Microsoft introduces version 2.0 of its Windows CE operating system later this month - and with a critical mass of hardware vendors giving it a second look, it may yet find the foothold for which it's been struggling.
Because the beefed up version of this OS for small devices supports key technologies such as x86 processors and 24-bit color, users can expect to see a greater diversity of handheld PCs and so-called subnotebooks being rolled out over the coming months from a wider range of suppliers, officials at leading hardware makers say.
There are still many believers in the market potential of such machines, in spite of what some in the industry describe as dismal sales of the first-generation of handheld PCs (HPCs) based on Windows CE 1.0.
"Windows CE has two main attractions: The familiar Windows interface and built-in synchronisation with desktop PCs," says Brian Chong, director of the portable PC business unit at Taiwan's Acer Inc.
Among the wide range of vendors taking a much closer look at release 2 of Windows CE are many from Japan and Taiwan, who were conspicuously absent among the makers of the first-generation devices. The list includes both large system vendors such as Fujitsu and Acer, as well as a number of Taiwanese portable PC makers, including First International Computer and Twinhead.
"We hope to have a prototype of our first Windows CE handheld ready for Comdex," says a spokesman at First International, referring to the November trade show in Las Vegas.
Also included in the group of new Windows CE backers is surprise entrant Sharp, which by year-end will begin selling a Windows CE machine in the US, according to Atsushi Asada, senior vice president at the Osaka-based company.
To date Sharp's proprietary Zaurus handheld, also known as a personal digital assistant (PDA), has been one of the most ardent competitors with the Windows CE platform. Asada would not disclose what processor Sharp's machine will use but several vendors said they are readying units based on Intel's ultra low power 486SX and compatible chips from Advanced Micro Devices.
Fujitsu for example expects by the second quarter of next year to roll out an Intel-based Windows CE handheld that will resemble a current DOS device it sells only in Japan, according to an official.
"We are thinking very seriously about implementing Windows CE in a terminal and probably it will be an extension of the Intertop," he says. The Intertop is an A5 sized portable sporting a screen that can be opened 360 degrees, creating a tablet for pen input.
The Fujitsu official says that the future Windows CE device specifications from Microsoft are "very flexible," marking a big change since the OS was officially launched at last November's Comdex show. Since that launch, the Windows CE movement has been stifled by a lack of diversity.
"The first Windows CE HPCs have not exactly taken over the world," says Everett Roach, vice president, Asia-Pacific, at Cyrix.
From the day the first units where shown, some analysts criticised the similarity of the products, pointing to a very rigid set of specifications Microsoft laid out to ensure the devices all respected certain weight, battery life and price requirements. But following the release of version 2.0.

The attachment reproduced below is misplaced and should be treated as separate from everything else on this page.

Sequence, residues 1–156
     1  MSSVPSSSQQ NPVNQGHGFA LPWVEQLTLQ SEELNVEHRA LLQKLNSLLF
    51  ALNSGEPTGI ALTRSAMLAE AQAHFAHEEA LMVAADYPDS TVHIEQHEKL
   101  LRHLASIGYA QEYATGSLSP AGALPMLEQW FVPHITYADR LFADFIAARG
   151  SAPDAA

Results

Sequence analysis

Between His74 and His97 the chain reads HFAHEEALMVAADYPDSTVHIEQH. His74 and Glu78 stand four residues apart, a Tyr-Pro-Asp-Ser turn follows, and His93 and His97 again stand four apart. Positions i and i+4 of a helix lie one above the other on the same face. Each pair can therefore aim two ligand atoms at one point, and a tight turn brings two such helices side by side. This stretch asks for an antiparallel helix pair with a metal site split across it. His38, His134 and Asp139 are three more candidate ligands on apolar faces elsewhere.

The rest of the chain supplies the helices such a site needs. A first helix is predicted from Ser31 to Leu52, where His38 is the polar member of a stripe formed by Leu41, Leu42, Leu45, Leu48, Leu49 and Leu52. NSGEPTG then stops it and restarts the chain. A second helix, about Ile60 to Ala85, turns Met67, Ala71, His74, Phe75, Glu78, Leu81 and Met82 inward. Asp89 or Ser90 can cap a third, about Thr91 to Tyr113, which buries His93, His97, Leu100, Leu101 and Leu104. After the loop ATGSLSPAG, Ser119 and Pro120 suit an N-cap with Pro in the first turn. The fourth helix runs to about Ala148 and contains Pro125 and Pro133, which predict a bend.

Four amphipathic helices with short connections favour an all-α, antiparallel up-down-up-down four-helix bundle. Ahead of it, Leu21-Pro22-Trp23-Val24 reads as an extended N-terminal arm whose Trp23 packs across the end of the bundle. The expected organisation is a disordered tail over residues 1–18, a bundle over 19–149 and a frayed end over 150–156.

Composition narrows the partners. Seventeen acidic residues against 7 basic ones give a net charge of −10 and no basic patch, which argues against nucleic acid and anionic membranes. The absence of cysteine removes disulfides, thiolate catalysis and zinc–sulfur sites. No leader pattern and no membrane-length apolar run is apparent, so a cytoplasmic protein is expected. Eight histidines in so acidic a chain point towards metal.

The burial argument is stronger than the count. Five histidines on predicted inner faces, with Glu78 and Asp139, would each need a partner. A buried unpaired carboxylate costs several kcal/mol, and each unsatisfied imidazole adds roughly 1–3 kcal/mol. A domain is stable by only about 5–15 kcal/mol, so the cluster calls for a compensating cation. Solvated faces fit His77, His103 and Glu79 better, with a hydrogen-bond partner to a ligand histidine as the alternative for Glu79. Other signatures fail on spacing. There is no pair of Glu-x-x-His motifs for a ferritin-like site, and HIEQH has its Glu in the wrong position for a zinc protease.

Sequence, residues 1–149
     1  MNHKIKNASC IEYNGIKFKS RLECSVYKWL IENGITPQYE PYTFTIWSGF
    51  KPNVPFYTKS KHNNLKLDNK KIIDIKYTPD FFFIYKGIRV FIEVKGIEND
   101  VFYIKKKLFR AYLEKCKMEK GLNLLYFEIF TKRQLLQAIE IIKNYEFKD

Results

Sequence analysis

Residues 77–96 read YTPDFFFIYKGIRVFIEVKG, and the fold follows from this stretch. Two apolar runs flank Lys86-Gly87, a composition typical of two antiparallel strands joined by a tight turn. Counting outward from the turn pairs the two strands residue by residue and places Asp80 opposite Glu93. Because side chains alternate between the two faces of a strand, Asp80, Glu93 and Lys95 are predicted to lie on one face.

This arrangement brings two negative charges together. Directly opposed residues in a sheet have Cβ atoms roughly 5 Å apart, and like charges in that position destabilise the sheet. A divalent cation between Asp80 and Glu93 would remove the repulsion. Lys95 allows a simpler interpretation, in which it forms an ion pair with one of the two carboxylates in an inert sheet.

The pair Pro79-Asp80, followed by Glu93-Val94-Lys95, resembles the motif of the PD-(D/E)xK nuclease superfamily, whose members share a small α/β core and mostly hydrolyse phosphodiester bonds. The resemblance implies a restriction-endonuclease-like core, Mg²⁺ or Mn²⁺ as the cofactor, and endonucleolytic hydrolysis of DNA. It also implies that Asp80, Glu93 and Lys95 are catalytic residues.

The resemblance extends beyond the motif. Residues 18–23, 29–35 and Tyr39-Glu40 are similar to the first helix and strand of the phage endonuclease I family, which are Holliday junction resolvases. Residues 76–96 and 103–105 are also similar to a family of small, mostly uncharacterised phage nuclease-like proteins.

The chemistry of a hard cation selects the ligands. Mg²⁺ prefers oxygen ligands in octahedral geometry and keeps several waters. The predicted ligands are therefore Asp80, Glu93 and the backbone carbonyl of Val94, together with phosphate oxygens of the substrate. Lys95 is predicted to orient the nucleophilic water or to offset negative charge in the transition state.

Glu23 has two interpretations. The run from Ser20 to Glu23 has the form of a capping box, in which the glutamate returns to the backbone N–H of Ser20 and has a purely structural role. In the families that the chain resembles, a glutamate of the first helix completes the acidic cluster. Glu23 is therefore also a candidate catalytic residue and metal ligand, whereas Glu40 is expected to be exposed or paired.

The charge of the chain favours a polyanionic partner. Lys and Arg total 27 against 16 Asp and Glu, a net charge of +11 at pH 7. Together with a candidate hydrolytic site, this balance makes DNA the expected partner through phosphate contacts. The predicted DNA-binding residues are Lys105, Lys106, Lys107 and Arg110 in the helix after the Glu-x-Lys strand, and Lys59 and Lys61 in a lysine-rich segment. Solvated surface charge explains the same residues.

In addition to offering support for x86 CPUs and color, the new release will also add a Java virtual machine, LAN connections, printing, Microsoft Foundation Classes subset for C++, Active X and Visual Basic Scripting, according to sources familiar with the specification.
Proponents of x86 technology such as Cyrix's Roach believe that support for the infrastructure currently dominating the PC industry will be an important asset when it comes to attracting more entrenched PC makers to support the Windows CE platform.
"I already have at least one customer here in Taiwan who wants to build a MediaGX-based device running Windows CE," says Roach, referring to the company's low-cost Pentium-class processor family.
Other sources in Taiwan also said that several vendors are readying Windows CE devices in form factors nearer to Toshiba's two-pound Libretto "mini-notebook" than today's HPCs.
"We believe that it is possible to bring to market a Libretto-sized Windows CE portable with a color screen but no hard drive for around US$1,000 - which would be half the price of the Libretto," says one official at a Taiwan-based portables maker.
Although vastly experienced in building x86-based PC devices, not all PC makers believe that the x86 processors will be able to compete with lower-priced RISC processor similar to those used in today's HPCs. RISC is still a lot cheaper and more efficient for portables in this category than x86, says one official at a large Taiwanese systems maker.
The 2.0 version of Windows CE is also expected to become a key part of the Windows Terminal concept that Microsoft now is readying as its main thrust to thwart the network computer and other competitive thin-clients.
In the future, users can also expect to see more devices - ranging from smart phones to WebTV - that will run the Windows CE operating system, although the user interface might not always be the familiar Windows-as-we-know-it standard in today's PCs and HPCs, sources close to Microsoft say.
Though Microsoft developers hope that Window CE 2.0 will go a long way to support all this new functionality, "that doesn't mean all of these items will be included, and not every feature will appear in a particular device," says Jim Floyd, product manager, handheld PCs at Microsoft.
More information about Windows CE can be found on Microsoft's World Wide Web site at http://www.microsoft.com/windowsce/.